Revealed: CIA spent a decade trying to hack iPhones, iPads

Revealed: CIA spent a decade trying to hack iPhones, iPads
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Researchers working with the Central Intelligence Agency (CIA) have spent nearly a decade trying to crack the security of iPhones and iPads, according to newly released documents obtained by former NSA contractor Edward Snowden.

The previously unknown CIA effort appears focused on gaining access to user data on mobile phones and tablets around the world, as well as introducing backdoors to monitor devices at will.

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It's unclear whether researchers affiliated with the spy agency have succeeded at breaking Apple’s encryption coding, according to a report Tuesday in The Intercept. 

“Studying both ‘physical’ and 'non-invasive' techniques, U.S. government-sponsored research has been aimed at discovering ways to decrypt and ultimately penetrate Apple’s encrypted firmware,” the Intercept report stated.

“This could enable spies to plant malicious code on Apple devices and seek out potential vulnerabilities in other parts of the iPhone and iPad currently masked by encryption.”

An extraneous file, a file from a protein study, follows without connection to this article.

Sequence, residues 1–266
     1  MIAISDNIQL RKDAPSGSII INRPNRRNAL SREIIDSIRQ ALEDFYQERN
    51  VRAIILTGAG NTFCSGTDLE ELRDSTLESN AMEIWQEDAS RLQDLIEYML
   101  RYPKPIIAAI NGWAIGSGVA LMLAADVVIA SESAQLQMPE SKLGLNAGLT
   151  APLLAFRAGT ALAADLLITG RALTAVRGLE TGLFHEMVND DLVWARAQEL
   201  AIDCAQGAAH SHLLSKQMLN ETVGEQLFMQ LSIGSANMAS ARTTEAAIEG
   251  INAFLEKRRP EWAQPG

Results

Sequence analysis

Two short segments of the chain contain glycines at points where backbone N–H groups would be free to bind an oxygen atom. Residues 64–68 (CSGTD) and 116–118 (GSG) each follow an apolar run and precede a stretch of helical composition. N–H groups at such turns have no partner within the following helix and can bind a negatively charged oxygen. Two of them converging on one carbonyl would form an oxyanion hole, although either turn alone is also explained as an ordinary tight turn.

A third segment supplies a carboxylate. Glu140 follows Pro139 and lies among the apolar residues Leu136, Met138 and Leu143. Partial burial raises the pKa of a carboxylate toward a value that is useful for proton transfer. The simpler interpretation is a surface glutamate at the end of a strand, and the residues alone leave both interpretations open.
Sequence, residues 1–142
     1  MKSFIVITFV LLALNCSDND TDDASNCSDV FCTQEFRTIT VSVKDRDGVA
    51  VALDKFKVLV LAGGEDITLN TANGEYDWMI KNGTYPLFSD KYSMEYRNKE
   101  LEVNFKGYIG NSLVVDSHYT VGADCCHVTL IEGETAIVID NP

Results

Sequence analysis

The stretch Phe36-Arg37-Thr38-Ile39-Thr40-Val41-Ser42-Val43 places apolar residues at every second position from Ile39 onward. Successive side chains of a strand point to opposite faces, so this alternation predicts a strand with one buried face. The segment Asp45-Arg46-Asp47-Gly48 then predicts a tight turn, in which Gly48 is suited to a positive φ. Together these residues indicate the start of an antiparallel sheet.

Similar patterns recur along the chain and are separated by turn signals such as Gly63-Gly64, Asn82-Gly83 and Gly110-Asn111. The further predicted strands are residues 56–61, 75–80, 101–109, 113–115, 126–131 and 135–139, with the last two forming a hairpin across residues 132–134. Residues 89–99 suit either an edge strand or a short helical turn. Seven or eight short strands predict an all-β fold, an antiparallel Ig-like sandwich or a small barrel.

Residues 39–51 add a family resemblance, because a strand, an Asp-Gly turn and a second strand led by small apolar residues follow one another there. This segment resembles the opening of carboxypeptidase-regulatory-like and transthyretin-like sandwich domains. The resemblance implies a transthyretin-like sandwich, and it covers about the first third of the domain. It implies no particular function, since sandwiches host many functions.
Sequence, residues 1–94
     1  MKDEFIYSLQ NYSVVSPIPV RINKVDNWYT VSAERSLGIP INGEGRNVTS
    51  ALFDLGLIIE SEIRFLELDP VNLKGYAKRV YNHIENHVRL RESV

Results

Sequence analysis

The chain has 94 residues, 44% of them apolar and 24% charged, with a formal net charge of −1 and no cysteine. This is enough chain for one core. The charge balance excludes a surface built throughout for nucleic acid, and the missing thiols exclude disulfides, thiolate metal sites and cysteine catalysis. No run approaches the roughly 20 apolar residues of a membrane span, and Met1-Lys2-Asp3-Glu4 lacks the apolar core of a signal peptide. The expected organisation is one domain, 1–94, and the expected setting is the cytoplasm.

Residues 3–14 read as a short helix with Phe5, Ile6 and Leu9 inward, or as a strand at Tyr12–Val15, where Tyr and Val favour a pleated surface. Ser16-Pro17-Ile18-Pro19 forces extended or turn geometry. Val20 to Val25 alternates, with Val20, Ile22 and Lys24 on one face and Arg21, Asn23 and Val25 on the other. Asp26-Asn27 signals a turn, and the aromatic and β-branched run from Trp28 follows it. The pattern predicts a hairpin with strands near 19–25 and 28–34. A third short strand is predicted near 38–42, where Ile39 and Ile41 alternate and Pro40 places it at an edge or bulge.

CIA researchers also claim to have found a way to introduce surveillance backdoors into almost any mobile application sold through Apple App Store. To do this, teams allegedly created a modified version of Apple’s proprietary software development tool, Xcode.

The effort began as early as 2006, a year before Apple released its first iPhone, the documents said. Researchers shared their efforts at a secret annual conference sponsored by the CIA known as the “Jamboree.” 

The revelations are likely to ratchet up tensions between Washington and Silicon Valley just as major tech firms are endeavoring to restore public confidence in their products’ security.

Apple increased the strength of its iPhone encryption last September, saying that the company could no longer extract data on the devices, even under a search warrant.

The Intercept reported last month that American and British spies hacked into the internal network of the world’s largest SIM card manufacturer in order to steal millions of cellphone encryption keys.